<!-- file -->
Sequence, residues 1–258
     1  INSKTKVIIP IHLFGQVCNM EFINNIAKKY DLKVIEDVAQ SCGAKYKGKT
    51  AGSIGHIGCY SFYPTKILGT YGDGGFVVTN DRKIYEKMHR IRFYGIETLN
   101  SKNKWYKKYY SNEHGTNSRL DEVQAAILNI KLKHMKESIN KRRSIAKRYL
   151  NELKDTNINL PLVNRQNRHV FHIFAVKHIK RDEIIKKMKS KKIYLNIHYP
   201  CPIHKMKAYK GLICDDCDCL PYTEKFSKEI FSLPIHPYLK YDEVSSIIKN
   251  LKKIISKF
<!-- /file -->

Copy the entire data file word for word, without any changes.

Sequence, residues 1–258
     1  INSKTKVIIP IHLFGQVCNM EFINNIAKKY DLKVIEDVAQ SCGAKYKGKT
    51  AGSIGHIGCY SFYPTKILGT YGDGGFVVTN DRKIYEKMHR IRFYGIETLN
   101  SKNKWYKKYY SNEHGTNSRL DEVQAAILNI KLKHMKESIN KRRSIAKRYL
   151  NELKDTNINL PLVNRQNRHV FHIFAVKHIK RDEIIKKMKS KKIYLNIHYP
   201  CPIHKMKAYK GLICDDCDCL PYTEKFSKEI FSLPIHPYLK YDEVSSIIKN
   251  LKKIISKF